ICANN analyzed the CGL insurance requirement in consultation with an outside insurance industry expert with experience in the technology sector. CGL insurance policies generally protect businesses against liability claims for bodily injury and property damage that occur on their premises, as well as for advertising and personal injury liability in some cases. However, most CGL insurance policies would exclude coverage for errors and omissions by the registrar. In other words, domain name holders generally would not be able to receive compensation from an insurance company (under a CGL insurance policy) for negligent acts by the registrar, such as accidentally deleting or failing to renew a registration, or allowing a domain name to be hijacked. Also relevant to this analysis, ICANN notes that some legacy registries that once had a similar insurance requirement in their Registry-Registrar Agreements have since abandoned it.

Depending on the terms of the registration agreement, a registrant who has been harmed might elect to pursue litigation—or possibly arbitration—against a registrar who has allegedly breached the terms of the registration agreement or otherwise acted negligently. A registrant could also file a complaint with ICANN's Contractual Compliance department if the registrant believes that the registrar is not complying with its obligations under the Registrar Accreditation Agreement.

View the full list of ICANN Contractual Compliance resources.

Q7. What did the Board refer to the GNSO?

A7. The Board requested that the GNSO consider whether policy work on replacement insurance requirements should be undertaken in light of the Accreditation Policy.

The Accreditation Policy authorizes ICANN to reduce the CGL insurance requirement, and the effect of this waiver is to reduce the CGL insurance requirement to $0. Because the Accreditation Policy specifically mentions CGL insurance, any change to require a different type of insurance policy might be most appropriately introduced via GNSO Policy Development. ICANN referred this matter to the GNSO because some community commenters recommended that ICANN require a different type of registrar insurance that might better protect registrants that have been harmed due to registrar negligence.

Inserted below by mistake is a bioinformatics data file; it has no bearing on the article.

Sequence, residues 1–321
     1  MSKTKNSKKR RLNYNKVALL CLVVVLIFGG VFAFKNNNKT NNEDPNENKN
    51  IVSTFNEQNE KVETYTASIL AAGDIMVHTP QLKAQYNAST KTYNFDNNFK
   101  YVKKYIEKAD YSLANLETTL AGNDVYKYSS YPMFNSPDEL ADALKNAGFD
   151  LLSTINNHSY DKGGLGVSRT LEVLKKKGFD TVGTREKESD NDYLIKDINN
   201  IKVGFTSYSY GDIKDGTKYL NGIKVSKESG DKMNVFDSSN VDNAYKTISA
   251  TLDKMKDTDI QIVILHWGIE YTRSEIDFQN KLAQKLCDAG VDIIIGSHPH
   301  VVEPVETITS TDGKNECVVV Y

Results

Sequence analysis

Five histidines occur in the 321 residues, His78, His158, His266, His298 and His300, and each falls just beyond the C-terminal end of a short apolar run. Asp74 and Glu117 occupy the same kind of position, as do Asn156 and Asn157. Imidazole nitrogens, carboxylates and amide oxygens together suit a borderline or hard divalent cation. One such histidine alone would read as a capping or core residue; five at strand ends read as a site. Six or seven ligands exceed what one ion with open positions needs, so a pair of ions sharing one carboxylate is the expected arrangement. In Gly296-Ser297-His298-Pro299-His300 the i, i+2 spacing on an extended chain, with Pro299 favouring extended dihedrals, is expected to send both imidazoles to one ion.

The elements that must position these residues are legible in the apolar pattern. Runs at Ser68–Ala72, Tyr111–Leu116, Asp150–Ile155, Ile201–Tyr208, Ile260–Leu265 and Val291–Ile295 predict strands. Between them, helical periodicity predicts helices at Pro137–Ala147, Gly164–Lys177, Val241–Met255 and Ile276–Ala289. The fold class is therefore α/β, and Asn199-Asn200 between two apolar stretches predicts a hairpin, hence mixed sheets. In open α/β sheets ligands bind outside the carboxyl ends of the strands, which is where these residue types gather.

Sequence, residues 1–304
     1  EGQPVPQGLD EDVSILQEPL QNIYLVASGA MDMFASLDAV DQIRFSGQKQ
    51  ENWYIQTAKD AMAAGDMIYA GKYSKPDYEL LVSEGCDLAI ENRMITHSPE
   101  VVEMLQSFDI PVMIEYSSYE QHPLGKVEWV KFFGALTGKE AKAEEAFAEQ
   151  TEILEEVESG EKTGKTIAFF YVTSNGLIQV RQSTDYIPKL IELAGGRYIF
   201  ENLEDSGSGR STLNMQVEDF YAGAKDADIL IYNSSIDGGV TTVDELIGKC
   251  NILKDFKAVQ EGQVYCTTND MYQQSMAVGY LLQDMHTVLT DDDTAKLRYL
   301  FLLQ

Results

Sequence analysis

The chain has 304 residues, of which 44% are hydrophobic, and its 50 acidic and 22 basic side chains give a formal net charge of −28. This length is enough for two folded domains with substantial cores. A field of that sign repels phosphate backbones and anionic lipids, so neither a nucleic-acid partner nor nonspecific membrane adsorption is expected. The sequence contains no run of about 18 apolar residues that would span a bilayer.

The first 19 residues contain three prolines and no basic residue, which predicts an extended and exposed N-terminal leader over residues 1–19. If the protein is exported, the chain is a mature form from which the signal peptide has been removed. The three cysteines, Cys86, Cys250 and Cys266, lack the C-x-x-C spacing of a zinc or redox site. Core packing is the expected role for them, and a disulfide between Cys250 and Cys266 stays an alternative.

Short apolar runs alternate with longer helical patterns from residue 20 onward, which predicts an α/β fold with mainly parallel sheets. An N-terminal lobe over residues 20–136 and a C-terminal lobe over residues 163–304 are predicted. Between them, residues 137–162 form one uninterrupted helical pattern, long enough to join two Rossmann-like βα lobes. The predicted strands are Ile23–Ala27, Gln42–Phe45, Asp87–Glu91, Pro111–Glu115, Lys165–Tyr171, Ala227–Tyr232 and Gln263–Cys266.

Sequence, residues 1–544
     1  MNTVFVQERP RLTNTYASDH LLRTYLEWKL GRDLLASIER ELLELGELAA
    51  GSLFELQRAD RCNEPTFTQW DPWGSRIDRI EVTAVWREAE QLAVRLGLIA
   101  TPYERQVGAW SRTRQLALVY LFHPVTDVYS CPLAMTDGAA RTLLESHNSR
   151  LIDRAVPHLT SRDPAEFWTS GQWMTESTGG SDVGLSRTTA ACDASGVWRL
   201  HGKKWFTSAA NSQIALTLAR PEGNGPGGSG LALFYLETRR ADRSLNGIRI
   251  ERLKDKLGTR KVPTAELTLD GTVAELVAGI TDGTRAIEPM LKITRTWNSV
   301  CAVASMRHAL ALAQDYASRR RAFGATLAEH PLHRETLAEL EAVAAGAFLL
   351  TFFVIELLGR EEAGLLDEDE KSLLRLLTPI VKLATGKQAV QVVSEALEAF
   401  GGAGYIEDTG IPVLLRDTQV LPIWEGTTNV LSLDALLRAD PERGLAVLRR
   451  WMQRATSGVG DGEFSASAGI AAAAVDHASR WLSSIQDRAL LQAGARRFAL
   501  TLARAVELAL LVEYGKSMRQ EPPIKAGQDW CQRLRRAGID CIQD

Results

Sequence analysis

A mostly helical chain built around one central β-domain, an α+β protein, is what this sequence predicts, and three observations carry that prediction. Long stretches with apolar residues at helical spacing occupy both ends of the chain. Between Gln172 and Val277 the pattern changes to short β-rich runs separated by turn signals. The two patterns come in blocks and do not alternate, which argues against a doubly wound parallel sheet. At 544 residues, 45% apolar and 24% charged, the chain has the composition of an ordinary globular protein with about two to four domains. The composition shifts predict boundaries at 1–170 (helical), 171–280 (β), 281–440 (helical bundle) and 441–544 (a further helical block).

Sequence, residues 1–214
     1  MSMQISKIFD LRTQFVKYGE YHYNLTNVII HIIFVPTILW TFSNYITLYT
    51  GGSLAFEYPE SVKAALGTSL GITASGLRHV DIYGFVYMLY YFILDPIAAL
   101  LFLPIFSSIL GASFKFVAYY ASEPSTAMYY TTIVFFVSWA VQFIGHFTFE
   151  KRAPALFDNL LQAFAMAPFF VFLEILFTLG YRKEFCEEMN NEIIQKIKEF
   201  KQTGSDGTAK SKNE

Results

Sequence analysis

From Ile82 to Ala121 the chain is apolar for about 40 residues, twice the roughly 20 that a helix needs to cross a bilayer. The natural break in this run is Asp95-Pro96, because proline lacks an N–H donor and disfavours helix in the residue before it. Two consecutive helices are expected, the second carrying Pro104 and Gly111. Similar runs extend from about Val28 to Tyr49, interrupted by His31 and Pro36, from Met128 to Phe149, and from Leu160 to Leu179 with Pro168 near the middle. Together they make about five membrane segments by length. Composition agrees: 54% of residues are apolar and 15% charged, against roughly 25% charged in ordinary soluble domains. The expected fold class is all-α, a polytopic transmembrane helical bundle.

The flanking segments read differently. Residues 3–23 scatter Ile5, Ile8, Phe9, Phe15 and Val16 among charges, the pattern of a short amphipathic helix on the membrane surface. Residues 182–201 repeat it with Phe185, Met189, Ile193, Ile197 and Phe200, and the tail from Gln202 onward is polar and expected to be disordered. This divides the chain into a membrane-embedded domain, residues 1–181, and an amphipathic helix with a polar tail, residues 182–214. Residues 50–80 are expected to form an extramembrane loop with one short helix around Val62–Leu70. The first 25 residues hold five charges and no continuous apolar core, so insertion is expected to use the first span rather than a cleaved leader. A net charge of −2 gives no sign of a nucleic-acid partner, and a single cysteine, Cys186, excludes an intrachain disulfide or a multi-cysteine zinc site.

Domain Name System
Internationalized Domain Name ,IDN,"IDNs are domain names that include characters used in the local representation of languages that are not written with the twenty-six letters of the basic Latin alphabet ""a-z"". An IDN can contain Latin letters with diacritical marks, as required by many European languages, or may consist of characters from non-Latin scripts such as Arabic or Chinese. Many languages also use other types of digits than the European ""0-9"". The basic Latin alphabet together with the European-Arabic digits are, for the purpose of domain names, termed ""ASCII characters"" (ASCII = American Standard Code for Information Interchange). These are also included in the broader range of ""Unicode characters"" that provides the basis for IDNs. The ""hostname rule"" requires that all domain names of the type under consideration here are stored in the DNS using only the ASCII characters listed above, with the one further addition of the hyphen ""-"". The Unicode form of an IDN therefore requires special encoding before it is entered into the DNS. The following terminology is used when distinguishing between these forms: A domain name consists of a series of ""labels"" (separated by ""dots""). The ASCII form of an IDN label is termed an ""A-label"". All operations defined in the DNS protocol use A-labels exclusively. The Unicode form, which a user expects to be displayed, is termed a ""U-label"". The difference may be illustrated with the Hindi word for ""test"" — परीका — appearing here as a U-label would (in the Devanagari script). A special form of ""ASCII compatible encoding"" (abbreviated ACE) is applied to this to produce the corresponding A-label: xn--11b5bs1di. A domain name that only includes ASCII letters, digits, and hyphens is termed an ""LDH label"". Although the definitions of A-labels and LDH-labels overlap, a name consisting exclusively of LDH labels, such as""icann.org"" is not an IDN."